Every kid who has ever played football in the rain had fun doing it. So has every adult. You slip and slide, skid and smile. Your clothes are soaked, you go home soggy and you hope you’ll get a chance to do it again.
The Carolina Panthers had a chance to do it in front of a national audience on Monday Night Football. To fans unfamiliar with Charlotte, we looked like Seattle without the hills, without the flying fish at Pike Place Fish Market and without the legalized marijuana.
And, as the Panthers did in their first six games, they made this one theirs. In the off and on and occasionally monsoon like rain they made the game theirs. They led 17-6 at the end of the third quarter, and pushed that to 23-6 in the fourth.
How’d they take that lead? Twice on Carolina’s second drive Ron Rivera went for a first down on fourth down. He was Riverboat Ron again, the accent on the boat.
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On fourth and 1 from the Indianapolis 3, Jonathan Stewart tried to hammer the ball through the middle. He had no room. He was stopped. But Stewart didn’t stop. He kept churning and scored to give the Panthers a 10-0 lead.
There was a lot of churning. But there also were some dazzling plays. Newton scrambled, tossed a short pass in the flat to Mike Tolbert, and Tolbert picked up 40 yards. You try tackling him on wet grass.
On third and 6 from their 37, Newton dropped back, was engulfed by the Indianapolis pass rush, spun free and took off. He hurdled cornerback Darius Butler, who is 5-10, and picked up 11 yards.
As is their custom, Carolina had to hang on to win. The Colts and Andrew Luck, their enormously talented but erratic quarterback, scored two fourth-quarter touchdowns and, as the clock wound down, a field goal.
This was tense. And it made you appreciate how difficult Carolina’s first six victories were.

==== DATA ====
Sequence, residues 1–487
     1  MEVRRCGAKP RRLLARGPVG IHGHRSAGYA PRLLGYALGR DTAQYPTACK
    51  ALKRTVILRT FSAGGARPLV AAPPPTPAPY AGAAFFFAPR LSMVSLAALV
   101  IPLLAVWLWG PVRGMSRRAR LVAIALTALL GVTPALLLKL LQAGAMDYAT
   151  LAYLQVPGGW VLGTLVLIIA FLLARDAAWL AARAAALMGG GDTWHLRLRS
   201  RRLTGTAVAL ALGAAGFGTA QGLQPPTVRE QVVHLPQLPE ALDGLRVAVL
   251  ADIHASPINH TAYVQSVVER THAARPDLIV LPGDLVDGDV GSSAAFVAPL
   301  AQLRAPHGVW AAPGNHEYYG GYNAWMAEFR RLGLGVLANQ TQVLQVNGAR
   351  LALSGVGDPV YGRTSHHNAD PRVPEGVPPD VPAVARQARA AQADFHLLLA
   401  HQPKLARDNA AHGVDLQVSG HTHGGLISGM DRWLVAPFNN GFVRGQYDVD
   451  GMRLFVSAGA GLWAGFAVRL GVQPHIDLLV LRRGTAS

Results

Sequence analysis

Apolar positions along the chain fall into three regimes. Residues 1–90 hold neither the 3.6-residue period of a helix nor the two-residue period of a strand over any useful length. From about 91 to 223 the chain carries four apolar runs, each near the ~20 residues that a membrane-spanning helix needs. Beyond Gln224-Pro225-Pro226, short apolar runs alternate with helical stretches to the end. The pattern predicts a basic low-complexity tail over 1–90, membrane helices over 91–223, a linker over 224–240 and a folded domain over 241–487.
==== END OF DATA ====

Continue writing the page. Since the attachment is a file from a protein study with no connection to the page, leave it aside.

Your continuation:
And if this odd and entertaining game wasn’t enough, fans could look up at the protesters, a man and a woman, who hung from the upper deck in front of the press box. Fans often did. They’d seen football before. But the protest was new.
The protesters used rappelling gear. Nobody had ever done this at Bank of America Stadium. One suspects that fans no longer will be allowed to bring rappelling equipment into the stadium.
The Colts won the coin toss and opened overtime with a 50-yard field goal.
The Panthers had to score. Newton hit Philly Brown for 23 yards. Nice catch by Brown. Newton hit Greg Olsen for 19 yards. His catch was nicer than Brown’s.
Between those catches, Ted Ginn Jr. broke free down the left side. As Newton backed up against the Colts’ rush he hit Ginn in stride at the Indianapolis 15, a pass of 41 yards. And Ginn, who seemed to run free all evening, put out his hands and – dropped the ball.
Ginn made a much more difficult catch for 12 yards. The drive stalled and Graham Gano kicked a 42-yard game tying field goal.
Then it was the Colts’ turn. On the second play from scrimmage Luck’s pass was tipped by safety Roman Harper and intercepted by Luke Kuechly at the Colts’ 39. Three plays gained 5 yards and Gano was good from 52 yards and a 29-26 victory.
The Panthers have established a pattern. When a play that wins the game has to be made, they make it.
With the victory they move to 7-0. They are one of four undefeated teams in the NFL and the only undefeated team in the NFC.
The game was more tense, occasionally unbearably so, than it had to be. But wasn’t it fun?
But the Panthers won again. And no Carolina fan will protest that.